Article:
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What's next for interest rates and property prices?

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The most aggressive rate-tightening cycle in Australia's history has been the key driver of the property market downturn, but change could be just around the corner. 

It looks like we're fast approaching the peak of interest rates. So what does that mean for property prices and market activity moving forward? 

We spoke to international property buyer and all-around Australian real estate expert Pete Wargent to find out what's on the horizon.

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When will interest rates peak?

From May 2022, when the cash rate was set at a record-low 0.1 per cent, to March 2023 where it currently sits at 3.60 per cent, it's been a real whirlwind journey for the property market. 

Until March rolled around, there was a strong sense that interest rates were going to keep rising — up to 4.10 per cent according to three of the four big banks. 

This month has brought a change in tone, though. Preliminary figures show inflation is now easing off, wages don't seem to be spiralling upwards, and the RBA's messaging has softened considerably. 

"I think if we get a very strong employment report then the RBA will hike in April, but their language in recent weeks has been a lot more doveish," Mr Wargent said.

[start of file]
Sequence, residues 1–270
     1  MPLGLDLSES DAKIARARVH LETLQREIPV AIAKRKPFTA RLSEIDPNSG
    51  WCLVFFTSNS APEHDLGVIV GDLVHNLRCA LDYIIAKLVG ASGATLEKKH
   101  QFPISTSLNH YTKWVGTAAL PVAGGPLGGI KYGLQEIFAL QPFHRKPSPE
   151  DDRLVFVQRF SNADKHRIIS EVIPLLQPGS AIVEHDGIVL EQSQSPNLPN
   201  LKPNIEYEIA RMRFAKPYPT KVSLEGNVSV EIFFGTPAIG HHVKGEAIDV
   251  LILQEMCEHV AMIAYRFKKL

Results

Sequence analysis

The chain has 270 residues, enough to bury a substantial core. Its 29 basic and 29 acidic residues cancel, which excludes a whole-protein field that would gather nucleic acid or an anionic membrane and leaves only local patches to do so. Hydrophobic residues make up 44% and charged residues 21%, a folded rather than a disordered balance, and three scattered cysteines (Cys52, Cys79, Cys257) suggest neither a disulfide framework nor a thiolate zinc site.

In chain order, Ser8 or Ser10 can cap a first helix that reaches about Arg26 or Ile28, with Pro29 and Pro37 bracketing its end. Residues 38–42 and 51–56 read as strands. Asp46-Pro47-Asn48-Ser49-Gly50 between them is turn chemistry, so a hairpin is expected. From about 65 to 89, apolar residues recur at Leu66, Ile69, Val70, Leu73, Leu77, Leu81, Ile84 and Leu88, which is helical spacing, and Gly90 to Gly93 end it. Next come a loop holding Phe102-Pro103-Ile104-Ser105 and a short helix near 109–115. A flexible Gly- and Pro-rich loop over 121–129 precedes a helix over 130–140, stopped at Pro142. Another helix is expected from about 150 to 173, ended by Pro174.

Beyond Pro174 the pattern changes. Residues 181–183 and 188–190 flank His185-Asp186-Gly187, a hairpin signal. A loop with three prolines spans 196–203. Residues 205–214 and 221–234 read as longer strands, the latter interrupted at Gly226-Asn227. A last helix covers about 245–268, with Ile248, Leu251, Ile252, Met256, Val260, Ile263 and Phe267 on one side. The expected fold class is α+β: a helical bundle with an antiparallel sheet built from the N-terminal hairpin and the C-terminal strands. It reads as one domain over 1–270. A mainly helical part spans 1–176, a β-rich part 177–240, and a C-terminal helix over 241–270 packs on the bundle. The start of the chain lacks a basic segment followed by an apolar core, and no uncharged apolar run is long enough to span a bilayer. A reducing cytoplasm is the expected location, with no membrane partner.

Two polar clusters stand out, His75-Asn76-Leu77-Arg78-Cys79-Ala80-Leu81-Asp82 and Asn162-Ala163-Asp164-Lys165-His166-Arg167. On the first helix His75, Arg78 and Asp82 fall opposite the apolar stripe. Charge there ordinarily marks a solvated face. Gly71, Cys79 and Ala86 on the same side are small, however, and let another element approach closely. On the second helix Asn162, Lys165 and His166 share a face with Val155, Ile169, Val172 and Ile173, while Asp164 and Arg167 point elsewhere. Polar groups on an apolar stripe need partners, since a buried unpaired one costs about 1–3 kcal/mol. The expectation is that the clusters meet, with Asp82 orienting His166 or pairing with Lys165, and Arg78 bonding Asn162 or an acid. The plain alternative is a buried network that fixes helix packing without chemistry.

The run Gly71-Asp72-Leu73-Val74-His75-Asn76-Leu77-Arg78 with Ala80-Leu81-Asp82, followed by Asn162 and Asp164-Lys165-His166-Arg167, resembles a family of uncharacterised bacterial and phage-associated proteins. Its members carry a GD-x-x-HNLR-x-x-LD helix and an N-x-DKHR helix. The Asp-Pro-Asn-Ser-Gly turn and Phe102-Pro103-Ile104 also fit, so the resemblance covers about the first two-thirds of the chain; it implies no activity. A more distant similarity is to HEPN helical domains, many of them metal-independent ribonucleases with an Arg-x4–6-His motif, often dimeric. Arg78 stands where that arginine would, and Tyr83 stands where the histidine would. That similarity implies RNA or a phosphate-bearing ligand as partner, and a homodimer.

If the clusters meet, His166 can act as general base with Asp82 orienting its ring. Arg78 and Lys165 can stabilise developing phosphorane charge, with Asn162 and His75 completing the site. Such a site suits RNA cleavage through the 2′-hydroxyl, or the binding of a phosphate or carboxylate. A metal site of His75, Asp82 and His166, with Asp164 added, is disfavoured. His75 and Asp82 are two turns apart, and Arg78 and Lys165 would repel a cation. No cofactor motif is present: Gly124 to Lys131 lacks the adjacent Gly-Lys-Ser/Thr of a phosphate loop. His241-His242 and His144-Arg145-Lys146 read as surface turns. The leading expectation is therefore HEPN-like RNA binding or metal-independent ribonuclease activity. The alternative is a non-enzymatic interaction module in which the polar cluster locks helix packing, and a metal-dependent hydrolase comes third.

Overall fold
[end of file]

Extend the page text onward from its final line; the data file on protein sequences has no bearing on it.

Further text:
He noted that financial markets are now pointing to a pause in rate hikes for April with the possibility that we may have already hit the peak with the latest March increase. 

"It seems we're approaching the peak. Either no more hikes or one more hike is the current thinking, anyway."

Mr Wargent pointed out that the situation is especially fluid at the moment, and by the time April rolls around expectations could have shifted once again. 

"But we haven't seen a cycle like this ever — from 0.1 per cent to 3.6 per cent in a year. That's a lot of hikes very quickly, and the RBA will probably be taking stock very soon."

How could the property market change after rate hikes stop?

Whether the cash rate holds at its current 3.60 per cent level or notches one or two rungs higher, current signs point to the fact that the tightening cycle is coming to a conclusion. 

CoreLogic reported that Australian property prices held relatively flat in February, posing the question: is a market recovery already underway? 

Mr Wargent suggested that it's probably not that simple, and the February figures could represent a "false dawn" as there are still delayed impacts to be felt from the rate hiking cycle. 

Property market expert Pete Wargent expects the current flattening of prices should be shortlived. Source: Supplied

February's improvement may be largely attributed to a severe shortage of available stock on the market which has concentrated buyer competition and driven auction clearance rates up.

"At the moment, listings are about 25 per cent lower than you would expect to see for this time of year," he explained. 

Moving forward, it's a question of if and when those listing numbers increase and how cautious buyers respond.